Vol 0, No 26
22 March 1999
New Age Visions (Part II)
Ildiko Enyedi's Simon Magus
Andrew J Horton
To read New Age Visions Part I
Ildiko Enyedi has aims which are no less grand than those of Kamondi (see New Age Visions Part I). However, her attempts to evoke magic and mystery with her film Simon Magus (1997-98) are rather more successful.
The original Simon Magus was a charismatic Gnostic, considered to be the first in religious history, living in Samaria in the first century. Legend has it that one day he arrived in Rome and after showing off in front of the local citizens, he challenged St Peter to a dual of magical powers. As Simon was levitating above the city and the surrounding mountains, Peter was silently praying for God to bring shame upon this foreign sorcerer.
Since Simon himself had turned away from Christianity, God now naturally seized the opportunity for revenge and Simon plunged to the ground, taking his authority and arrogance with him and dying of the after-effects a few days later. Another version of the tale, and of Simon's death, has Simon's disciples obediently burying him, after he arrogantly vows to resurrect himself in three days (which, needless to say, he never does).
In a neat and fancy turn that any aspiring magus would be proud of, Simon concedes the dual and kills off the magus in him, but at the same time wins the day and is reborn as a man.
Presumably, it was on the basis of these opening 15 minutes that Enyedi was awarded the Grand Jury prize for best director at the 30th Hungarian Film Week. In this respect, Warhol's excessively quoted comment about every person being famous for 15 minutes can be twisted into a rather different meaning in Enyedi's case: Enyedi is not famous for the duration of 15 minutes, but because of a particular 15 minutes.
Although some tensely atmospheric scenes depicting the city return, the rest of the film is on the whole rather less inspiring than the opening quarter of an hour and, surprise, surprise, when it comes to Enyedi filling out her plot, the whole thing falls to pieces, leaving her introduction as a tantalising memorial to what the film could have been, if only a decent scriptwriter had been found.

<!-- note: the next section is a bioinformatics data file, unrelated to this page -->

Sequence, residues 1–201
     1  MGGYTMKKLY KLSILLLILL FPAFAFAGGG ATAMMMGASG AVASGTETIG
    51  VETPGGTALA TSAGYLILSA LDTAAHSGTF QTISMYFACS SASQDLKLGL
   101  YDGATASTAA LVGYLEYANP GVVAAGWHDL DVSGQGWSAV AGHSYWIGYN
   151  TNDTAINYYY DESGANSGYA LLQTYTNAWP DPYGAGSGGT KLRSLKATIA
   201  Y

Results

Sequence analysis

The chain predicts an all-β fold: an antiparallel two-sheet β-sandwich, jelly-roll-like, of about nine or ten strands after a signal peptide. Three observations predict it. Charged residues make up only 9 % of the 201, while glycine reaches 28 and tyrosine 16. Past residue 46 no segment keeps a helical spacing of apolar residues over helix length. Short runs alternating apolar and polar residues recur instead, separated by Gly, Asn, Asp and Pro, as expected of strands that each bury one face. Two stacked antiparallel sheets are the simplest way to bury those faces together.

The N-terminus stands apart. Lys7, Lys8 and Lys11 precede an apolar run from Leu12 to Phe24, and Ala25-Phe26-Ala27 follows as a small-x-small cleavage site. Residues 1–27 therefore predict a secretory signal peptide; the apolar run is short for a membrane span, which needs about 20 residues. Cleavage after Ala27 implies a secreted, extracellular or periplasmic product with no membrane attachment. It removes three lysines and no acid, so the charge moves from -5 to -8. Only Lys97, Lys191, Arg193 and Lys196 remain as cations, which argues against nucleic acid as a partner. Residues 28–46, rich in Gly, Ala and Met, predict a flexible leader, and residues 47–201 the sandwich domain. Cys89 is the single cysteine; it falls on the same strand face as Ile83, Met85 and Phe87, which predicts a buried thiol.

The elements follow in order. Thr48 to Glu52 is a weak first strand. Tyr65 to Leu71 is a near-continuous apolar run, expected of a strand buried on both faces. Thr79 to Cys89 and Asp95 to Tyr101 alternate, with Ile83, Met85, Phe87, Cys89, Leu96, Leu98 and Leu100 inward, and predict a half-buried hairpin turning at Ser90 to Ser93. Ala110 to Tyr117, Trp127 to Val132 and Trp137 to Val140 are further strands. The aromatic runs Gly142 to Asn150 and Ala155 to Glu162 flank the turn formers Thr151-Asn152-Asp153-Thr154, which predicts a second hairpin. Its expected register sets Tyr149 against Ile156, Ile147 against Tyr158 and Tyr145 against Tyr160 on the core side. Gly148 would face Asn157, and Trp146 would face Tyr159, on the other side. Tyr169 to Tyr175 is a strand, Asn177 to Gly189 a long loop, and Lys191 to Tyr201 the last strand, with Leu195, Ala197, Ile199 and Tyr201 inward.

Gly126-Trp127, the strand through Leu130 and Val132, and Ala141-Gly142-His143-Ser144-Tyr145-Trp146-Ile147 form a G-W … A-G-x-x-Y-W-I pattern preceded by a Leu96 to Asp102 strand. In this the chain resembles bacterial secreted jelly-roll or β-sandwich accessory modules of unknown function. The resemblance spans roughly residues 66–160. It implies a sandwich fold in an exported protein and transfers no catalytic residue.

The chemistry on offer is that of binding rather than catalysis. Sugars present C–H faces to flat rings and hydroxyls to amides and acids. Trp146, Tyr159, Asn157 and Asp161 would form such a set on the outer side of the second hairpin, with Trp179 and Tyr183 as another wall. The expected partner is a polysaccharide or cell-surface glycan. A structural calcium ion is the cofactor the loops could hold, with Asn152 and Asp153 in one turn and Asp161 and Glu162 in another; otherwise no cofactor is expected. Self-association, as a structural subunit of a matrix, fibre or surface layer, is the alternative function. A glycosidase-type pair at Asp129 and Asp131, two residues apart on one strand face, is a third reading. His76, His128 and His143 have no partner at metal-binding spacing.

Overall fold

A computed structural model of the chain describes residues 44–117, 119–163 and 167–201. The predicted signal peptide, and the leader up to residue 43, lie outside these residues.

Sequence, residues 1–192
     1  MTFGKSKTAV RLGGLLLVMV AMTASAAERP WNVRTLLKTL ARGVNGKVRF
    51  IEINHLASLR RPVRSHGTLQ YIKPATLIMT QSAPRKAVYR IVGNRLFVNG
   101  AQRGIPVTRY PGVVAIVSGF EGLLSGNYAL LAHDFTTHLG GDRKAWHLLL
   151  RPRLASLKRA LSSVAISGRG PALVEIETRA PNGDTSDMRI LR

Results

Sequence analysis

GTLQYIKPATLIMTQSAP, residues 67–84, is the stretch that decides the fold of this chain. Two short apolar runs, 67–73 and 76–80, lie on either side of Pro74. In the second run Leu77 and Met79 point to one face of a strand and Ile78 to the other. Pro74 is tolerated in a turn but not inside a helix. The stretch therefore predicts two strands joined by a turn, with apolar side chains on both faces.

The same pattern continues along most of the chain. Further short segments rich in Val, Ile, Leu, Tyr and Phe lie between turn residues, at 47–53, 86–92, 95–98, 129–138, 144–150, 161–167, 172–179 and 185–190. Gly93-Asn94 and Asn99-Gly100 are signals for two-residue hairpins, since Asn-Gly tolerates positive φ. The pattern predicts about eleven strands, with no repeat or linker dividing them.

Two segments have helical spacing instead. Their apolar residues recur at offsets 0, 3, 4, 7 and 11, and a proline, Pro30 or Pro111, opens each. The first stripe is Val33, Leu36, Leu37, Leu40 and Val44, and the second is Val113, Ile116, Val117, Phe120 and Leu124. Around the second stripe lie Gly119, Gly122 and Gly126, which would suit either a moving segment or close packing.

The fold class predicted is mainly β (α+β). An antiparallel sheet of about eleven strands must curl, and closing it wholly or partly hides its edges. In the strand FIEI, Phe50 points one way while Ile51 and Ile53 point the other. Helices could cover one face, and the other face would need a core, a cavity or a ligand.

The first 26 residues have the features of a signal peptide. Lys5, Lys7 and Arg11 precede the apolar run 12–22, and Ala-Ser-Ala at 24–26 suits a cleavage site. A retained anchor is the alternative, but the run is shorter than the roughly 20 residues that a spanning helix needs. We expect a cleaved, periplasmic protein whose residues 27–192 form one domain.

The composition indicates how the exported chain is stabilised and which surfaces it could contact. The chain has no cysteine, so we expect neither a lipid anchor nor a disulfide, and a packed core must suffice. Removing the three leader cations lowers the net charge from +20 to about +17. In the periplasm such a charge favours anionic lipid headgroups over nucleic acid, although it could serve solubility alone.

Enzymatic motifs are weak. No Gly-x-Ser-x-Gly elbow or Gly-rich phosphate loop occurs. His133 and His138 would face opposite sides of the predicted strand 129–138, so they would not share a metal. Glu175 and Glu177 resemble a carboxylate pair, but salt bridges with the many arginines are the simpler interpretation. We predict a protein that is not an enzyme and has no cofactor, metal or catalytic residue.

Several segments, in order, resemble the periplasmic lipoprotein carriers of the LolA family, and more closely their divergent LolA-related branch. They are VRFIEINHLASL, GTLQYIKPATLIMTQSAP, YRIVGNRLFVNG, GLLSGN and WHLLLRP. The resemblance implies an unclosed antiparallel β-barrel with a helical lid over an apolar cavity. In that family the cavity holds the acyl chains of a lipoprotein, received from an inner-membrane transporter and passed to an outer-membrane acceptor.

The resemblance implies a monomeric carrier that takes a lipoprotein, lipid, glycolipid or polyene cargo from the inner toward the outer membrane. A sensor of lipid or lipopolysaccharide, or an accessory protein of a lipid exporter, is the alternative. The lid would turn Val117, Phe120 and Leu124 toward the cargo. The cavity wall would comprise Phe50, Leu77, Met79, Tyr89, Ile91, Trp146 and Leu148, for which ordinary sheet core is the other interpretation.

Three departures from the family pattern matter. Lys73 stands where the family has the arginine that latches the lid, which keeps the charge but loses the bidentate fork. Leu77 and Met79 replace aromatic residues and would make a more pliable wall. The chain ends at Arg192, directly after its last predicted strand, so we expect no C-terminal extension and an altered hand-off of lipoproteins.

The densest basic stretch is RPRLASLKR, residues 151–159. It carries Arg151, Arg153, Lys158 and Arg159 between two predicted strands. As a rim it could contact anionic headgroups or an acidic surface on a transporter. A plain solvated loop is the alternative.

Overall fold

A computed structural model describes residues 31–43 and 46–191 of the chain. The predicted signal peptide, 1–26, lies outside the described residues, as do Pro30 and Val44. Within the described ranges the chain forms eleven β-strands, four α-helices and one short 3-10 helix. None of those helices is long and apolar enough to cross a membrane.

This is an enormous shame. Kamondi's film is fatally flawed and it is hard to imagine what could have been done to save it, given Kamondi's obvious love of the preposterous; Enyedi 's film, however, has merit. The performances of Peter Andorai as Simon and Julie Delarme as the French girl Jeanne are accomplished, and the scenes in which they first meet are warmly witty and engagingly dynamic.
The film certainly could have done a lot worse. A few weeks after Budapest's Film Week, another film with the title Simon Magus was shown at the Berlin film festival, Berlinale, only to suffer the ignominy of being booed by the audience. Enyedi's Simon Magus, for all its faults, does not deserve to be booed.
Andrew J Horton, 22 March 1999 (republished 20 December 1999)
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